No, I wasn’t trying to cross Omar. Crossing overland is almost impossible these days. You’ll quickly get arrested, unless you completely avoid all villages, which I wouldn’t do unless I had military training in jungle survival. It is possible along the coast though.

      Reply
  15. Hawkins Dale
    January 4, 2014

    Love the photos. Particularly the children.

    Reply
  16. Meredith Swartwout
    October 27, 2013

    Wow, that frog was a really cool find! It is not actually a poison dart frog, but most likely an Atelopus varius, one of two species of “golden frogs” in Panama (Atelopus varius & Atelopus zeteki “La Rana Dorada”). Frogs from the genus Atelopus are all disappearing in the wild, so it is awesome that you were able to see one.

    Reply
    • Matthew Karsten
      October 29, 2013

      Interesting! Thanks for letting me know Meredith. That info makes it even more special. :D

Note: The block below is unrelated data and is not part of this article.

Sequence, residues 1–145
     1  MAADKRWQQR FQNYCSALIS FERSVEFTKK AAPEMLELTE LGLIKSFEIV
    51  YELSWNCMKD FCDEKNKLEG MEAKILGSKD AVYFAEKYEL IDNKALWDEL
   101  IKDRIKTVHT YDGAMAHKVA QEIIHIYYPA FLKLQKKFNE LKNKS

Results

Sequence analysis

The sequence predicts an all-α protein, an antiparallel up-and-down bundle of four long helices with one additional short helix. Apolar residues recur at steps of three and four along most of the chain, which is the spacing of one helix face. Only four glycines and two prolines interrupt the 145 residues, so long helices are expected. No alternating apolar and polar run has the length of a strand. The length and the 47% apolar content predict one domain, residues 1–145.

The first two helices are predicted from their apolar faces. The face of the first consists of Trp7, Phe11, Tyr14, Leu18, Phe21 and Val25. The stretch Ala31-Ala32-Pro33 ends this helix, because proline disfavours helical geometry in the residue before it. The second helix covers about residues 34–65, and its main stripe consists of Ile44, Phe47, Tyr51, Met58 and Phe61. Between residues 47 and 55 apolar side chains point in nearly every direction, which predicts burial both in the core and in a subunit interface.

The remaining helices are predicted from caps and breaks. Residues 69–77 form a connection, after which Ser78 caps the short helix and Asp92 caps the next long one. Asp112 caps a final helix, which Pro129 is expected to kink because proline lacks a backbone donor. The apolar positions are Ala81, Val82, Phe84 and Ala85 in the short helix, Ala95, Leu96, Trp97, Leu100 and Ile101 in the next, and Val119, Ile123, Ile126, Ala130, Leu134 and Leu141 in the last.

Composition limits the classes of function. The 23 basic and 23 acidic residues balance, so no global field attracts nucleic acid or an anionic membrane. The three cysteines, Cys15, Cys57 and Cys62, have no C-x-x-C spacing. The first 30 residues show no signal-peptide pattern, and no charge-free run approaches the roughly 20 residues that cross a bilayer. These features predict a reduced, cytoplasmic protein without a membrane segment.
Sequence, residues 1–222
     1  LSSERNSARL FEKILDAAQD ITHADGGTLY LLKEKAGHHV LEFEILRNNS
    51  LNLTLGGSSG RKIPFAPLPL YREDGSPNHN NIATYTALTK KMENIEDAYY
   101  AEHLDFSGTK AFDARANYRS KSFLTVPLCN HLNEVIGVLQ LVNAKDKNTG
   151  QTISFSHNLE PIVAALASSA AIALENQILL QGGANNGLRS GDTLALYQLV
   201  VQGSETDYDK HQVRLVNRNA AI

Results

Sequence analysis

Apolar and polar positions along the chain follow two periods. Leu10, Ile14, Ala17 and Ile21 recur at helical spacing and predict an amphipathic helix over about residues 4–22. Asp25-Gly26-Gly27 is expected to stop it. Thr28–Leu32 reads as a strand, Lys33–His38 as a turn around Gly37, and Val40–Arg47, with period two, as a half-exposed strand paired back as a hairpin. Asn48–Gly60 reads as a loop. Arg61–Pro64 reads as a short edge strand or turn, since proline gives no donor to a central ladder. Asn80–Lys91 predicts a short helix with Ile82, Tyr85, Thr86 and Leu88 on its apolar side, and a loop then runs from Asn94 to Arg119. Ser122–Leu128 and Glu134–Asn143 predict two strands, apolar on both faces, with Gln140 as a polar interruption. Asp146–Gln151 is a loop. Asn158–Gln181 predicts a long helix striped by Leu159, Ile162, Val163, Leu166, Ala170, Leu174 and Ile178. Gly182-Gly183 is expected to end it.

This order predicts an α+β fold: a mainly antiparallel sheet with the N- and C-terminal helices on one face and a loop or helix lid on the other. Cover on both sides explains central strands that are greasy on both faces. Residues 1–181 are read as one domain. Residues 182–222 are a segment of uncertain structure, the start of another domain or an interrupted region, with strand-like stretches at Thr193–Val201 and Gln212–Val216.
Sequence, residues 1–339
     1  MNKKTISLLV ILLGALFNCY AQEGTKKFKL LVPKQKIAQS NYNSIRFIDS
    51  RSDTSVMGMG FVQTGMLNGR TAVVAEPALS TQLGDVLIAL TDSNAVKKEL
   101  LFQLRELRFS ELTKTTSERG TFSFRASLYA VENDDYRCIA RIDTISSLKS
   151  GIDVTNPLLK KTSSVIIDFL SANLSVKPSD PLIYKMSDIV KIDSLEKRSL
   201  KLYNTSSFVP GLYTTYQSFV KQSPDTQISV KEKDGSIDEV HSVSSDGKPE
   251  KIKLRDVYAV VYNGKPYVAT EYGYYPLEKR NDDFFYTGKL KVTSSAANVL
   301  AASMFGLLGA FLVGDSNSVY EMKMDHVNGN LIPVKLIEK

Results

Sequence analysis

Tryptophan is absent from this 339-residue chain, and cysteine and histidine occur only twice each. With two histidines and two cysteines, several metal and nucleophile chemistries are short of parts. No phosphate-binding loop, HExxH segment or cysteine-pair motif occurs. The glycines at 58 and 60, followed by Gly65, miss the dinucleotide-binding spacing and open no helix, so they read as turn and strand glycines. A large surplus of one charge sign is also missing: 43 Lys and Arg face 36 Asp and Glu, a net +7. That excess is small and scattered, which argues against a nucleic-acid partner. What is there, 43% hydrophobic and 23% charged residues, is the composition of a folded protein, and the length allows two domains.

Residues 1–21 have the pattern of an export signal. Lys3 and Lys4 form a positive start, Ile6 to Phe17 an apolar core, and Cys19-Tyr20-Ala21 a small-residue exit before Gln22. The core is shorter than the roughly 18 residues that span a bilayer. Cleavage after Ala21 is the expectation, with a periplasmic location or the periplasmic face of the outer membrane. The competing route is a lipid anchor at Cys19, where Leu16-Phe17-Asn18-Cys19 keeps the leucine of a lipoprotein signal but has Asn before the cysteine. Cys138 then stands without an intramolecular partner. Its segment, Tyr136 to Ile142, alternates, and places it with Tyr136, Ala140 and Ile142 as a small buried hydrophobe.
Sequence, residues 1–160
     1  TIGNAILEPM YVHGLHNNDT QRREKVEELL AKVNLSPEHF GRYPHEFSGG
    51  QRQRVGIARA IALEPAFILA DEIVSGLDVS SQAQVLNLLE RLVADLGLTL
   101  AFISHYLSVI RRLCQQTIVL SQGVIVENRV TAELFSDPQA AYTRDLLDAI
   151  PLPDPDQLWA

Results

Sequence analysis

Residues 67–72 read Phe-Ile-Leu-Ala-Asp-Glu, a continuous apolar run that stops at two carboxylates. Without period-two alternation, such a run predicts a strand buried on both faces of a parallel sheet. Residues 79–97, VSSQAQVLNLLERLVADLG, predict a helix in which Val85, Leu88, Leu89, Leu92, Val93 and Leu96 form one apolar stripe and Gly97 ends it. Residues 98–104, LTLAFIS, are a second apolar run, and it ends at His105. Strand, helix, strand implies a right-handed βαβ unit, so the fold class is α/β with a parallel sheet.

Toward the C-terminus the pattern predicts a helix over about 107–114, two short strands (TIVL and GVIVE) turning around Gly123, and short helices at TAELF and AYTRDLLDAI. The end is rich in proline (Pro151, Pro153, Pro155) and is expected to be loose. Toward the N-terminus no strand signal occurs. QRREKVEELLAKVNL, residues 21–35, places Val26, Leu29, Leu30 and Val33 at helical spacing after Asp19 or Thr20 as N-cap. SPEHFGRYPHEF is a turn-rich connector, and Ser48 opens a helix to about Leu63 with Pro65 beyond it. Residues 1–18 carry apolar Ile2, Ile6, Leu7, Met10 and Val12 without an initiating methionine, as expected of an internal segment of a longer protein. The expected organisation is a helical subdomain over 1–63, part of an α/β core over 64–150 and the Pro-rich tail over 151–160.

Reply
  17. Anders
    September 30, 2013

    Great photos Matthew!

    Visited Panama couple of years with the family and I wanted to go back and visit the Darien Gap. Your photos and story inspired me to look into it again, it looks a “little safer”, but as you say, everything changes all the time.

    Reply
  18. The Guy
    March 21, 2013

    What an amazing tale and great pictures. It seems to be such an incredibly dangerous place yet going through the jungle sounds like quite an adventure.

    I love the wildlife shots especially of that frog. I can’t remember the name of though although I have seen them in zoos before. I remember they are incredibly dangerous, I think they are one of the, if not the most poisonous thing to man.

    Reply
    • Matthew Karsten
      March 25, 2013

      Yup, some of these guys can be dangerous. I guess in captivity they loose most of their toxicity. It comes from their diet in the jungle.

      Reply
  19. Janeth
    March 14, 2013

    I just keep reading these over and over. I love the photos and information.

    Reply
  20. Jessica
    March 13, 2013

    WOW what incredible photos Matthew!!!